Vol. 1, No. 22, June 14, 1999
© Copyright 1999 by Robin Garr. All rights reserved.
Madeira: A wine for the long haul
James O'Grady's recent query offers a good example: "I want to purchase a nice wine that will age for 25 years," he wrote. "I am getting married this summer and I want to buy a bottle we can drink on our 25th anniversary. Obviously I would like it to taste better then then now. Any suggestions?"
Perhaps surprisingly, this isn't as easy an assignment as you might think. The vast majority of the world's wines are meant for immediate consumption, not for aging; and most of the rare beauties that will hold out for 25 years require very specialized storage at a constant 55F (13C) -- too cold for air conditioning but too warm for a refrigerator -- in order to show their best after all that time. Even the greatest Bordeaux from the finest vintages stand little chance of surviving that long at room temperature.
The two most durable wines I know of are Vintage Port and Madeira, both of which are fortified with brandy, which makes them both strong and long-lived.
Madeira in particular is almost indestructible, having been developed to survive, and even improve, during long ocean voyages from its island source off North Africa to thirsty markets in East India and the New World. Strong and warming, Madeira ranges from very sweet (Malmsey) to medium sweet (Bual) to rather dry (Verdelho and Sercial), with burnt-sugar, earthy and caramel flavors, always with a firm, even steely acidity; and it will almost literally last forever, even under very poor storage conditions. What's more, Madeira remains surprisingly affordable for an ageworthy wine, generally ranging from $20 to $35 for a recently produced bottle sold in the U.S.
So if you're looking for a wine to hold for a celebration in the distant future and you don't own a wine "cellar," you can hardly do better than a Madeira for a wine that's likely to last.
I'm particularly interested in gathering your stories on this topic. If you've tried to hold a wine for the long haul under less-than-optimal conditions, either successfully or not, I hope you'll get in touch with me at firstname.lastname@example.org and tell me about it. And, as always, don't hesitate to drop us a line if you'd like to comment on our topics and tasting notes, suggest a topic for a future bulletin, or just talk about wine.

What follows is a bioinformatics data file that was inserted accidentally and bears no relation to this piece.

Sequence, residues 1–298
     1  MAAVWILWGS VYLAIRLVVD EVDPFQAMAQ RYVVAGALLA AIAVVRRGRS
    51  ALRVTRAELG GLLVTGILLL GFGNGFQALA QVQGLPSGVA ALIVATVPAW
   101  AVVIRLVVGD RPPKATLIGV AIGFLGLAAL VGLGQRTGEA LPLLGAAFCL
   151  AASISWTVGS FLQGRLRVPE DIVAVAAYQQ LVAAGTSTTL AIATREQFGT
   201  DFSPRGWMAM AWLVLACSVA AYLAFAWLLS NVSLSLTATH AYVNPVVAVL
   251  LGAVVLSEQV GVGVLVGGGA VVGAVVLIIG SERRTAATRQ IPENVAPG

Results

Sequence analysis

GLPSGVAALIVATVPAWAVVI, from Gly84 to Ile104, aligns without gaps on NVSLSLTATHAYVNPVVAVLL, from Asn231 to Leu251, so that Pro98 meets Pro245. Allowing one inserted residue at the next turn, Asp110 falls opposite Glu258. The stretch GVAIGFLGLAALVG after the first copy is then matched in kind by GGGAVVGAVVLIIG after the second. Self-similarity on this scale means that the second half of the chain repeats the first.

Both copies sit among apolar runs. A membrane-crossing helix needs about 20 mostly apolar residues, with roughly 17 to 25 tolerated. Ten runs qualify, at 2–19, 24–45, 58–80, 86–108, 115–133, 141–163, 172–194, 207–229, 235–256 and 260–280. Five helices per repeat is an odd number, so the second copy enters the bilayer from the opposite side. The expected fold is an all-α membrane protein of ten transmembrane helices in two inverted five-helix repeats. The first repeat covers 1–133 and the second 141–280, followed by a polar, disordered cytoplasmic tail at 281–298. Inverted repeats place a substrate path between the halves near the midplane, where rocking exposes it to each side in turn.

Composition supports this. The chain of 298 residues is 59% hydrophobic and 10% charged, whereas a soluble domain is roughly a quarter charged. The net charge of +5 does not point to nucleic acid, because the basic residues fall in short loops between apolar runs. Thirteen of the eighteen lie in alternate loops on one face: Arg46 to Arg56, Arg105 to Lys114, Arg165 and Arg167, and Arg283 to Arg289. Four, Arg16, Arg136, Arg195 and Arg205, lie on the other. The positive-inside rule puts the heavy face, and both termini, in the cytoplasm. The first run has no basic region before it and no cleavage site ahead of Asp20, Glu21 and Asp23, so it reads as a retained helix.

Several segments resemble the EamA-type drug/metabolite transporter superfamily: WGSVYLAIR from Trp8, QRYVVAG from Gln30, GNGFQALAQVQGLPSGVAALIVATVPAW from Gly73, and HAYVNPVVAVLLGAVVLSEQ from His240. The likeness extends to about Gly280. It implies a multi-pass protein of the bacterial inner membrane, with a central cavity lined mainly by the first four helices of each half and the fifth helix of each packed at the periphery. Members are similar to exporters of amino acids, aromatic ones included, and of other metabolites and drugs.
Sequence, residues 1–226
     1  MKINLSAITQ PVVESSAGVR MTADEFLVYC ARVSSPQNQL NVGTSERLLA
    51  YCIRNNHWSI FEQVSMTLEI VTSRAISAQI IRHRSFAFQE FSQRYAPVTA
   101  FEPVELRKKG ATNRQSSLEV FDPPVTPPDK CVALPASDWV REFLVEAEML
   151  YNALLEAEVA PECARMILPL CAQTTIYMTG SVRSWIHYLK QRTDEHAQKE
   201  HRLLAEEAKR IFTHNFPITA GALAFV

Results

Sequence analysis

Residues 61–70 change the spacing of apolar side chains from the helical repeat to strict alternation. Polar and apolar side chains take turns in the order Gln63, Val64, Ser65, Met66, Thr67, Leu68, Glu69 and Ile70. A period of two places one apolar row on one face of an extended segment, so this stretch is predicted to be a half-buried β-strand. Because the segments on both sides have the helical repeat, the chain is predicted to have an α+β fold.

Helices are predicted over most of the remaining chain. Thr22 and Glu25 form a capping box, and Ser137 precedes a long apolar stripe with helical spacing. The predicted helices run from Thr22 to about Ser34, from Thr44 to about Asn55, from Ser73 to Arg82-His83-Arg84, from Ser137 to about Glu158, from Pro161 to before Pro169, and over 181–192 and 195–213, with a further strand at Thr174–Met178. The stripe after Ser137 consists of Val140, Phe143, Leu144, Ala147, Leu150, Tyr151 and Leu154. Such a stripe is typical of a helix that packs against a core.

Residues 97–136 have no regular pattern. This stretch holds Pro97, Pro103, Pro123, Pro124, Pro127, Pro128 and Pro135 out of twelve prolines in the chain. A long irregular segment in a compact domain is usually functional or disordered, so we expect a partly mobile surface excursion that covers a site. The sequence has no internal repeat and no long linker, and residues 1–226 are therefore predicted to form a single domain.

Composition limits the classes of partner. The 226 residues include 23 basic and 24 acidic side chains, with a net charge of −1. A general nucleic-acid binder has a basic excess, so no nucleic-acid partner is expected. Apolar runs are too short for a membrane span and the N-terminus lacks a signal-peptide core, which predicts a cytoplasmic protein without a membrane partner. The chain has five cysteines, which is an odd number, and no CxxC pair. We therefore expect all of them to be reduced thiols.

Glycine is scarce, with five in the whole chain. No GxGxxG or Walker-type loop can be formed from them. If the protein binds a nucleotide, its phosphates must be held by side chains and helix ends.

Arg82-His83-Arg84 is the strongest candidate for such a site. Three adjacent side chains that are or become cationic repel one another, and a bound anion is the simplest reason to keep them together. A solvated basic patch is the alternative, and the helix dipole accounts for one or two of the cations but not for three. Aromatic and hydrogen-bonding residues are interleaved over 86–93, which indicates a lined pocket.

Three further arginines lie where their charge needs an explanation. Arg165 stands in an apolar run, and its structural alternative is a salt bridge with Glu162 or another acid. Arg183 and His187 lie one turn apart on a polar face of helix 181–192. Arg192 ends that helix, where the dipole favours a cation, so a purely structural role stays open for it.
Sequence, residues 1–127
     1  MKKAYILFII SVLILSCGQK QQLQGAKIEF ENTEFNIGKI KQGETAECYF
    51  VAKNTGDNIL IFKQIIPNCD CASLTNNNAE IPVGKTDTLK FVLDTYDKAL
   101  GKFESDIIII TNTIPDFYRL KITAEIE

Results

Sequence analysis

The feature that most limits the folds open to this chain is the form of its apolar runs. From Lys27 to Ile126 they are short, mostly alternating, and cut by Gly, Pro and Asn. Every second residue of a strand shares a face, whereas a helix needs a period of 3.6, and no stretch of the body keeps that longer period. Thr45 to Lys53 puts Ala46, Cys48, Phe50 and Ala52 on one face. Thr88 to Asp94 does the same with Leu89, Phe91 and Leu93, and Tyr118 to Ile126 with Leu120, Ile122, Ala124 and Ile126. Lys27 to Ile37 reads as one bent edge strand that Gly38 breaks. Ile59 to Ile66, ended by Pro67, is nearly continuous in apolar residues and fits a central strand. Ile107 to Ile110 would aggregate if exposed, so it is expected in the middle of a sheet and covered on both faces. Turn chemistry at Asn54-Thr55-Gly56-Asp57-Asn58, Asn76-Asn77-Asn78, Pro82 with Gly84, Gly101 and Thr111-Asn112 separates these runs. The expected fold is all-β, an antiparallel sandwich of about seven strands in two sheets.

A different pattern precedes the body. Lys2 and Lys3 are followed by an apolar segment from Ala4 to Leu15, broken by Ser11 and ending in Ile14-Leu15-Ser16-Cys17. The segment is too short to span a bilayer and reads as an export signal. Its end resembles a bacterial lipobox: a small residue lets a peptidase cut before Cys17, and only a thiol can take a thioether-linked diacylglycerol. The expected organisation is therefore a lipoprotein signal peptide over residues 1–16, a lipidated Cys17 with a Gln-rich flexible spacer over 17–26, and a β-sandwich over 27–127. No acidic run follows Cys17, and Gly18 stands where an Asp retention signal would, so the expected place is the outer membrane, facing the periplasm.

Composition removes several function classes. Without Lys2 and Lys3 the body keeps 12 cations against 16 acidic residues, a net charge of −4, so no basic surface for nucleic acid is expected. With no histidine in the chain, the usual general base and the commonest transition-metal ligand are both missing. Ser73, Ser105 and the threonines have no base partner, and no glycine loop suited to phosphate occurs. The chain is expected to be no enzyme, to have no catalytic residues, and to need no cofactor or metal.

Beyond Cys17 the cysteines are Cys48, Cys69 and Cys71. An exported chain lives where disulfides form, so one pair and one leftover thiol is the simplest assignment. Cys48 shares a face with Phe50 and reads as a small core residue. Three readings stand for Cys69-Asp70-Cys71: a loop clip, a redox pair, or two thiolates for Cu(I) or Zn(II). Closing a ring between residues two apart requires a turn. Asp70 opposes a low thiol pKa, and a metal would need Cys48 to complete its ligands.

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A fine Madeira
Clear, dark copper-amber. Rich aromas of "stone" fruit, plums and prunes, citrus and odd but appealing earthy nuances, truffles and wild mushrooms and the leafy, not-quite-dank character that wine tasters call "forest floor." Sweet and tart, full and strong, piercing acidity making a sturdy structure for warm stewed-fruit flavors with earthy notes. U.S. importer: Europvin USA, Emeryville, Calif. (June 13, 1999)
FOOD MATCH: After-dinner sipping. Try it with nuts and cheese.
You start out buying a bottle of wine for dinner, then a case to work through, and before you know it you’re starting to collect wine. Then you begin reading wine accessory catalogs, shaking your head at the prices of free-standing cellar units. If you're at this stage in your evolution as a wine fancier, you might enjoy a new article that we've added this week on The Wine Lovers' Page. Mike Bassman, a New York City wine fancier, offers his tips - and those of our Wine Lovers' Discussion Group - on selecting, buying, installing and using a commercial wine cellar in his article, Buying a Stand-Alone Wine Cellar. Please be assured that this is not a commercial sales pitch but the personal views of Mike and other group participants based on their experiences as consumers.
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All the wine-tasting reports posted here are consumer-oriented. In order to maintain objectivity and avoid conflicts of interest, I purchase all the wines I rate at my own expense in retail stores and accept no samples, gifts or other gratuities from the wine industry.
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